Running a Tight Ship

To be competitive, pharma companies must learn to manage resources more effectively.
Feb 01, 2002

In a tight market, pharma companies are asking themselves: "How can we get more from scarce resources?" As a result, R&D and sales/marketing expenditures are under increased scrutiny-and they should be. Both areas consume significant resources (about 25 percent of revenues combined) have experienced rapid growth, and their results have been difficult to quantify. But to make the most of both human and non-human assets, management must first understand how those assets are currently allocated, how to make them more productive, and if there are better ways to deploy them. That substantial task will be further exacerbated as the industry begins tailoring medicines to smaller sub-populations, resulting in a greater number of marketed products competing for resources.

Executives struggle with resource management issues on two levels: determining the aggregate level of resources that will enable the company to achieve its goals and allocating resources for competing initiatives such as specific programs (compound A versus compound B) and functions (DTC versus detailing). Research shows that successful portfolio and resource management decisions must be

  • grounded in market-based strategies by therapeutic area
  • explicit and internally consistent
  • based on empirical relationships between resource consumption and results
  • tied to the company's goals and objectives
  • based on a probabilistic view of the pipeline and future resource requirements
  • transparent and readily available to other decision makers.

Resource Management Issues Vary by Group
All of that is easier said than done. This article identifies the processes and infrastructure that pharma companies need to manage portfolios and allocate resources more effectively.

Who, Where, and WhyThe industry is a victim of its own success. The rapid growth of the last few decades catapulted it to a point where traditional management methods have become obsolete. Those predominantly intuitive tactics worked well when the body of scientific knowledge was much smaller and most senior executives were not only well versed in it but also involved with most of the company's research and sales efforts. But with a proliferation of scientific breakthroughs in addition to an escalating volume of activity, pharma R&D labs and product teams have grown in size, scope, and complexity far beyond any executive's ability to maintain first-hand knowledge and involvement.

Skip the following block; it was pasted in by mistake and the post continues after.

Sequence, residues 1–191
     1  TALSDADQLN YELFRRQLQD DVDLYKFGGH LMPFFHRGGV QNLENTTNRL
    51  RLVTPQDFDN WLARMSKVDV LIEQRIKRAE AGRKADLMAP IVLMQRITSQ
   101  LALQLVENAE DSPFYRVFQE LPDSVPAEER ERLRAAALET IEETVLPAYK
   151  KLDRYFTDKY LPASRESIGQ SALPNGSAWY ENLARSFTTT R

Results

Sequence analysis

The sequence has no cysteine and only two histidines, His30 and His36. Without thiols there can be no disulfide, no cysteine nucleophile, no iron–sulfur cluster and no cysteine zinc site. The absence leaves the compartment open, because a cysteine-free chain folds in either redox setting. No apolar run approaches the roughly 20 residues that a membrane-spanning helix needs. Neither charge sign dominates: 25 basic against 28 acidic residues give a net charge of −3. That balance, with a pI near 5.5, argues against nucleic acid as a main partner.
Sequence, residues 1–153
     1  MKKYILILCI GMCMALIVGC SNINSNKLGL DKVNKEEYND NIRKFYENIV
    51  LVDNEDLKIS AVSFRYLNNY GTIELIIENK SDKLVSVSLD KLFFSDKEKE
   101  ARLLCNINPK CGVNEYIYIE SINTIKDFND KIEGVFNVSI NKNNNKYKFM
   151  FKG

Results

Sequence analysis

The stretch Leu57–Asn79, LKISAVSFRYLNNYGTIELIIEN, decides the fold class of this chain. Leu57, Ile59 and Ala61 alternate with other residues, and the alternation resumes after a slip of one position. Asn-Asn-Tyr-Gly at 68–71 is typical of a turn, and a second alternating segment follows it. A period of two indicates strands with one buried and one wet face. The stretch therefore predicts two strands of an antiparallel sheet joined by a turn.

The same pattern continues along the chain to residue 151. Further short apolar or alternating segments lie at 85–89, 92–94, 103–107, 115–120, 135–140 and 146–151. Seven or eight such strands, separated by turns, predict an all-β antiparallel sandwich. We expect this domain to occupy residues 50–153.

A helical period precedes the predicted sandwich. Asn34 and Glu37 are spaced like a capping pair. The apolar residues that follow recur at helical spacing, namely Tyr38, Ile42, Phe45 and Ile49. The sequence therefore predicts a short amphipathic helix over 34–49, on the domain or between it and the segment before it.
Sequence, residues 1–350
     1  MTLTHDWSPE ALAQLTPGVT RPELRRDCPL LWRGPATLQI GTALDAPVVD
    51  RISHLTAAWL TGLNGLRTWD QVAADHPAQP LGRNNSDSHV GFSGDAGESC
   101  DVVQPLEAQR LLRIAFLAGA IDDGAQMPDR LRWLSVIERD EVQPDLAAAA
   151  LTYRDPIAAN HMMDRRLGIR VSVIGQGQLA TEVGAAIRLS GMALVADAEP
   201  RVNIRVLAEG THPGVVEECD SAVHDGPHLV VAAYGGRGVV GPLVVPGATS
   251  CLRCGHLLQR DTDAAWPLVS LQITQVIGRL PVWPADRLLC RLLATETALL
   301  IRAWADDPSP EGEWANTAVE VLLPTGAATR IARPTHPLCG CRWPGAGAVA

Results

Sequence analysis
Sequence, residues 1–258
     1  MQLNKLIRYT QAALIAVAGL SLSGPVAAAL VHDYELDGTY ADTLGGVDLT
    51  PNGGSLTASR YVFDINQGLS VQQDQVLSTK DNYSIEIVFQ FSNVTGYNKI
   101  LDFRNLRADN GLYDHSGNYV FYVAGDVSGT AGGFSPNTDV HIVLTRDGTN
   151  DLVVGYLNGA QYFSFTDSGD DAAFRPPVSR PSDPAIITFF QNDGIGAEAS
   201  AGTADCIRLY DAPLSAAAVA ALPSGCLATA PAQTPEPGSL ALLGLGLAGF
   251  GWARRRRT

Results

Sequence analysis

To effectively manage today's R&D organizations-comprising hundreds or thousands of researchers, working on hundreds of projects, in multiple locations across several continents-requires highly sophisticated processes and systems. Likewise, product team management, responsible for hundreds of millions or billions of dollars in revenues from a single product across multiple country-specific markets, requires a similarly high level of sophistication. Another complication is that many of today's Big Pharma companies are amalgamations of previously independent companies, and the executives who lead them come from one of the merged companies or from outside the industry. Thus they lack the hands-on knowledge of at least some of the compounds and marketed products about which they must make decisions. With more merger and acquisition activity on the horizon (see "Get Ready to Merge or Diverge," PE, August 2001) pharma companies that expect to participate in the M&A game need to enact processes that will enable them to effectively manage expanded portfolios and increased resource bases.